SAN SALVADOR – Walking down the street it soon becomes apparent that a hotly disputed election is taking place. Election posters for either Antonio Saca, the presidential candidate of the right-wing ARENA party, or Schafik Handal, the candidate of the left-wing FMLN, can be found on every telephone pole and streetlamp in this city. The elections are set for Sunday, March 21.

Street vendors pace the main road intersections selling miniature blue and white flags of ARENA and the red flags of the FMLN to commuters. While there are four candidates in running for president, Saca and Schafik are the frontrunners. As of March 16, according to the polls, the two are running neck and neck.

Both parties are making concerted efforts to win more than 50 percent of the vote on the first ballot to avoid a runoff, which, if needed, will take place on May 2.

ARENA, the ruling party for the past 10 years, enjoys the backing of the big employers and landowners, and the tacit backing of the United States government. It is flush with money and has been saturating the media with advertising. While the FMLN (Farabundo Marti National Liberation Front) lacks such money, it has conducted an extraordinary mass canvassing effort to voting households throughout the country.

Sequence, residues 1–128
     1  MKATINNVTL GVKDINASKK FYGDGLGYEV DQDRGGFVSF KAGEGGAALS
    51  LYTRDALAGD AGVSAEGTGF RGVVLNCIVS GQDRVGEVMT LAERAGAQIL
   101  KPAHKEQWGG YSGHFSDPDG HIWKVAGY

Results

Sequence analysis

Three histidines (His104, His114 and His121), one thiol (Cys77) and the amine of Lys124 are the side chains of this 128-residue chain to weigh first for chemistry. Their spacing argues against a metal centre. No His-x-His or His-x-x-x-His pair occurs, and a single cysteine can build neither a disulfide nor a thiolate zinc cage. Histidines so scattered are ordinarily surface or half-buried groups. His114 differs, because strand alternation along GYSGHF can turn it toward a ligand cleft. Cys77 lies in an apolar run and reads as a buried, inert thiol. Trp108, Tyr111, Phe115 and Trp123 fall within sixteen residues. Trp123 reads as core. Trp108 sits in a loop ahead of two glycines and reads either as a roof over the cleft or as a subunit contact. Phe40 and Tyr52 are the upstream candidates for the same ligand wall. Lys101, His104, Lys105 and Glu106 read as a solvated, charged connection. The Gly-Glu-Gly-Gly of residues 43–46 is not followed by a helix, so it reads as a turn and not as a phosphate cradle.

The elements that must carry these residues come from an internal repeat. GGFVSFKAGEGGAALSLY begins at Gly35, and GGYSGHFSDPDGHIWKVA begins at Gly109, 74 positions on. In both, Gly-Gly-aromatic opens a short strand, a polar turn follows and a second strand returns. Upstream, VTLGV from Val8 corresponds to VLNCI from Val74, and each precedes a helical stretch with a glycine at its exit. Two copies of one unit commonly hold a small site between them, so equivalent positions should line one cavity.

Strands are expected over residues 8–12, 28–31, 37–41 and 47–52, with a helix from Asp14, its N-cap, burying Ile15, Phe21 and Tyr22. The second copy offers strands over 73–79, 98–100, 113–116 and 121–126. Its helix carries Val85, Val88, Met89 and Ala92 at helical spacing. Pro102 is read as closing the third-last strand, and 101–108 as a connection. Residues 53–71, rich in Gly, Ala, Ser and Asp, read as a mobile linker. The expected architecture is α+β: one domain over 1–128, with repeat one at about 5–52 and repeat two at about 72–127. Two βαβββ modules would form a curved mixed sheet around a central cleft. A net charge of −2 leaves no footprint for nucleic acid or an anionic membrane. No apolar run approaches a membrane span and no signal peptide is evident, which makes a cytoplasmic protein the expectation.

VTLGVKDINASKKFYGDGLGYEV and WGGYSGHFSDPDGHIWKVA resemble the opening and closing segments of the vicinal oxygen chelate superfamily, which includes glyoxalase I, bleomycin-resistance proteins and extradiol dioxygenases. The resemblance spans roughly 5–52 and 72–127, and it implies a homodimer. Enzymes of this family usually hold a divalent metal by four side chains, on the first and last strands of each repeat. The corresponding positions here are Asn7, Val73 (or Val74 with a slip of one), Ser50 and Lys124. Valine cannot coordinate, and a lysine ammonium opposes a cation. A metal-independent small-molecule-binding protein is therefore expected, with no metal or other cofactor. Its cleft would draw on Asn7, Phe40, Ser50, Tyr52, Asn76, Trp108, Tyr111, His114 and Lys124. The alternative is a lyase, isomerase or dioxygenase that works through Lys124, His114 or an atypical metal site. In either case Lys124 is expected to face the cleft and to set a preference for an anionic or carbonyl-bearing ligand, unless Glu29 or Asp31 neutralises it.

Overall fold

Fears that ARENA will try to win the elections through fraud have prompted special measures to safeguard the results. The new voters list, as compiled by the Supreme Electoral Tribunal, is transparent and has built-in safeguards. Voting lists have been compiled showing the name and photo of each voter. Voters must produce a state-issued photo ID to vote. This ensures that some people are not voting multiple times, there are no dead people on voting lists, and there are no similar abuses as in the past.

However, weaknesses in the country’s new computerized system that counts the ballots have been detected. To test the system’s reliability, the nonpartisan Committee for Electoral Vigilance (JVE) was able to hack into the computers and take control of the system for 40 minutes without being detected. The JVE was able to erase votes and alter election results.

Despite the ARENA government’s promise to fix the system with the technical assistance of the Organization of American States, the JVE’s test has put into question the reliability of the country’s new computerized voting system, as well the outcome of the elections, which are only days away.

Tensions are running high between members and supporters of ARENA and the FMLN, with outbreaks of violence being reported across the country.

The author can be reached at tpelzer@sprint.ca.

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